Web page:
Straight path. We were stolen from, we were deceived—and now we are the ones being asked to explain? I have pursued truth and justice, and have been dismantling the systems that breed the abuse of power—and yet I am the one now being called the “Pork Barrel King”?” he said.
Mr. Aquino also defended his Disbursement Allocation Program, the legality of which legal experts have questioned before the Supreme Court.
“Let me make it clear: The Disbursement Allocation Program is not pork barrel...The DAP is not theft. Theft is illegal,” he said.
He said that of the DAP releases in 2011 and 2012, only 9 percent was disbursed for projects suggested by legislators.
“Spending through DAP is clearly allowed by the Constitution and by other laws. DAP is only a name for a process in which government can spend both savings and new and additional revenues. Where did these funds come from? They came from our efforts to stop the connivance of some in bidding for contracts, in padding costs, overpricing, and kickbacks. They came from the proper spending of our budget. They came from the good governance now seen in our GOCCs (government owned and controlled corporations),” he said.
He added that DAP clearly benefitted the country.
The President also repeated the Budget Department assertions that the DAP funds came from savings from various agencies that were unable to carry out their projects right away.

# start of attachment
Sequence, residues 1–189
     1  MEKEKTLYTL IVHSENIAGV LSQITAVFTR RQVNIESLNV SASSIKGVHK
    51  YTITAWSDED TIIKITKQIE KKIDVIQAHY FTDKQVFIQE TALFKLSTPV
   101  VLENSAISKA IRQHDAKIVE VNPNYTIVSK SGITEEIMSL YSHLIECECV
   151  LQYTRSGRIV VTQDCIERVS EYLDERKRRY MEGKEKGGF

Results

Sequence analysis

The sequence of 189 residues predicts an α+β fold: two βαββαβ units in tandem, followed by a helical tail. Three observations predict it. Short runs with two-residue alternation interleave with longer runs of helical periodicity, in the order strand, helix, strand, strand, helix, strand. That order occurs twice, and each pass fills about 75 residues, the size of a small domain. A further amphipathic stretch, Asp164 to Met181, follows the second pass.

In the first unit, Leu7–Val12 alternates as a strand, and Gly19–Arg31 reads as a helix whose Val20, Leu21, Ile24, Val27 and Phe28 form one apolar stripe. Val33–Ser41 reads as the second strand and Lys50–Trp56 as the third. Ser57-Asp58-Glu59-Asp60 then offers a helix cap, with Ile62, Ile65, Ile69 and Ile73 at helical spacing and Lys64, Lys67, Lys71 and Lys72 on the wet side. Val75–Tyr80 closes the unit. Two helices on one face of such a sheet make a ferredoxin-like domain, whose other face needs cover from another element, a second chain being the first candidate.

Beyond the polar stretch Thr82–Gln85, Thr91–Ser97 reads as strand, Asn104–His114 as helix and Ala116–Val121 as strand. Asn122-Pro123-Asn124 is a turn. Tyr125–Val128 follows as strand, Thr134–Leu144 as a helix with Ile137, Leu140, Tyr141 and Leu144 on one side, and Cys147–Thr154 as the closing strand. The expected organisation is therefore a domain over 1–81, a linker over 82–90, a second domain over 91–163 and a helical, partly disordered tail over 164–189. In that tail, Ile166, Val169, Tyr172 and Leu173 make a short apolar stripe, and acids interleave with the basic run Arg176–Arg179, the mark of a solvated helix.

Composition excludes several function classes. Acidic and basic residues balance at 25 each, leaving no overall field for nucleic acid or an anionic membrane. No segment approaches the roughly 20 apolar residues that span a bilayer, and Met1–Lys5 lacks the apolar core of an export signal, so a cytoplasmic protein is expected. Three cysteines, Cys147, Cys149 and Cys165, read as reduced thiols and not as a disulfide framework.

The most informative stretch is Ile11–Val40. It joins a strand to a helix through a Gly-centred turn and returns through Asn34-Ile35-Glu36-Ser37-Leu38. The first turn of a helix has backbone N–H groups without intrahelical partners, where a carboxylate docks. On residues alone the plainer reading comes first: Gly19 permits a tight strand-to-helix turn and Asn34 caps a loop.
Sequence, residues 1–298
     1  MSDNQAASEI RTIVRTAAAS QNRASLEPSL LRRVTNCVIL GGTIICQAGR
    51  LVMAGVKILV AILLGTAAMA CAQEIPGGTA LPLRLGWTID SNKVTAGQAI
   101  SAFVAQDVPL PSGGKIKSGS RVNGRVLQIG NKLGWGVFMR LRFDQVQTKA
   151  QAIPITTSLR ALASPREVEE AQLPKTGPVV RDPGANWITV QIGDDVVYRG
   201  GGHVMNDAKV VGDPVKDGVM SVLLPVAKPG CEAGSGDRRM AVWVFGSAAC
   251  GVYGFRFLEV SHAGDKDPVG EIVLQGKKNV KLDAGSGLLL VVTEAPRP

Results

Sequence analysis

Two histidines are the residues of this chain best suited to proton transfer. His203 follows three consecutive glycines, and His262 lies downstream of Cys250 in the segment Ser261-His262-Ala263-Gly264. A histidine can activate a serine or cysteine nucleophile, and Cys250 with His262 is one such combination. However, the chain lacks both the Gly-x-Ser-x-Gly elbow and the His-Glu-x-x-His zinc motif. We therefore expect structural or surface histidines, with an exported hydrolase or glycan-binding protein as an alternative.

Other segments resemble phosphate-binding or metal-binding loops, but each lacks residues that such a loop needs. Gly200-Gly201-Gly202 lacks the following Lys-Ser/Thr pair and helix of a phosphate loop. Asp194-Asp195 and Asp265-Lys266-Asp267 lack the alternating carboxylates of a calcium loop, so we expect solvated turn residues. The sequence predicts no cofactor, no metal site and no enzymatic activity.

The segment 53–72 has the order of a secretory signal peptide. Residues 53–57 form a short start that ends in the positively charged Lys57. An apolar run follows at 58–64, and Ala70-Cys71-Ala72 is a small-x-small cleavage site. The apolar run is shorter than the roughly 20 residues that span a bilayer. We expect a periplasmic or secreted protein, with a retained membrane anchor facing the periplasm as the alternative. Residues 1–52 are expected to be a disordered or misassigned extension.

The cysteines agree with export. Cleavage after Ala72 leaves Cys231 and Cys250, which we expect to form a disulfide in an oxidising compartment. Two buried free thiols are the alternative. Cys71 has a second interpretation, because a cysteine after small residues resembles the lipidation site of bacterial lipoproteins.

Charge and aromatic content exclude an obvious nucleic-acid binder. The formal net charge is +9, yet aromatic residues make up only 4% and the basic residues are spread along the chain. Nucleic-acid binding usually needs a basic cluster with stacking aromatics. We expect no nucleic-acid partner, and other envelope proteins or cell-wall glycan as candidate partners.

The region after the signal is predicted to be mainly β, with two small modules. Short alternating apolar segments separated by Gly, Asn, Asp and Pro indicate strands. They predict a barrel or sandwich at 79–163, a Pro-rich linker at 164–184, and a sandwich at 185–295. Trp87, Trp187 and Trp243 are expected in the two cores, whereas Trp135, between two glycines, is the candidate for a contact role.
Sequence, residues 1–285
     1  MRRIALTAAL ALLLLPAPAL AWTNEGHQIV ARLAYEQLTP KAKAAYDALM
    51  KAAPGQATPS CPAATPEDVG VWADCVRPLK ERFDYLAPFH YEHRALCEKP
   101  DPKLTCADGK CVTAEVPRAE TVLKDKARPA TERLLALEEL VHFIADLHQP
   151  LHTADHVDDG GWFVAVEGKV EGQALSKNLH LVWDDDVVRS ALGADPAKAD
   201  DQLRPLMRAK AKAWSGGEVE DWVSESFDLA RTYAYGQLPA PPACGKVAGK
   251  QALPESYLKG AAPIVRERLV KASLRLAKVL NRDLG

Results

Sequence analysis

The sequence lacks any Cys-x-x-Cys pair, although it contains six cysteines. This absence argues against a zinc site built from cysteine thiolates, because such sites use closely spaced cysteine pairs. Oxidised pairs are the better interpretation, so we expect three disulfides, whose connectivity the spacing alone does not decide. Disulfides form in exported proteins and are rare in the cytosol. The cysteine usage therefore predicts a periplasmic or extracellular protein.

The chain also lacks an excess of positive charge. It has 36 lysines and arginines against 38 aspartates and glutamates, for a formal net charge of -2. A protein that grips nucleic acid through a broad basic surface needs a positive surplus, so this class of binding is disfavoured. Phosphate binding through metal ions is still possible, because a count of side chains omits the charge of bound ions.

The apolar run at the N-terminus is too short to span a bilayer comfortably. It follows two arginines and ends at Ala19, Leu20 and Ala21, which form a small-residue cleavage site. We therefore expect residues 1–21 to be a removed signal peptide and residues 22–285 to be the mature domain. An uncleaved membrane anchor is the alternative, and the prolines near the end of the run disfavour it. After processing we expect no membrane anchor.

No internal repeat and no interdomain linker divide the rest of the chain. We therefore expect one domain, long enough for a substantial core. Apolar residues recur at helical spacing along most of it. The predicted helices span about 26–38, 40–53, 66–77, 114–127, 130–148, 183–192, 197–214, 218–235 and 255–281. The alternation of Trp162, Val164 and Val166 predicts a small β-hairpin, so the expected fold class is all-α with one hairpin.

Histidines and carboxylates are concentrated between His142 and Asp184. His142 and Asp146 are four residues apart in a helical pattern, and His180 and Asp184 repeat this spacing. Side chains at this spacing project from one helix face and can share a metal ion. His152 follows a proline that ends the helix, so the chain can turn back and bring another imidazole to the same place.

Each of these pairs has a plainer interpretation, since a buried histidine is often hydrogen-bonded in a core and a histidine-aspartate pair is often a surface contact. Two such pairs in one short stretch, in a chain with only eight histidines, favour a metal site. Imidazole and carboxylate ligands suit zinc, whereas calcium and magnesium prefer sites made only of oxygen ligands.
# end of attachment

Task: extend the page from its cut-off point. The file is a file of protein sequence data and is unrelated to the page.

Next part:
“When projects are stalled, naturally, we will not spend for them. We did not allow these funds to remain dormant. We looked for programs under implementing agencies that had proven themselves to be fast and efficient, and we channeled our savings into these programs—together with the additional revenue of the government. The benefits of these projects reached our countrymen faster and earlier, and we were able to spend the money allocated yearly in our national budget more prudently and efficiently,” he said.
He said that the public can decide for themselves whether these mechanisms are wrong.
The DAP, he said, made it possible to fund Project NOAH (Nationwide Operation Assessment of Hazards), which gives accurate and timely warnings during calamities.
The program also helped 150,000 Filipinos study under the Training-for-Work Scholarship program, and benefited the Air Force and police.
Mr. Aquino said that DAP also played an important role in the country’s economic resurgence, citing again the growth in gross domestic product, and the attainment of investment grade status.
Mr. Aquino also defended the President’s Social Fund, which he said was needed to respond to sudden needs brought about by calamities or crises.
He said that without the PSF, the government must ask a funding , which could be debated in Congress for months.
“If you are in Zamboanga, with a child crying from hunger, and government tells you that it cannot help you just yet, it would need to haggle with Congress first—how would you feel? We have the money, and we have the mechanisms that will ensure this money goes where it’s needed most. Would it be right to deprive our countrymen of the care they direly need?” he asked.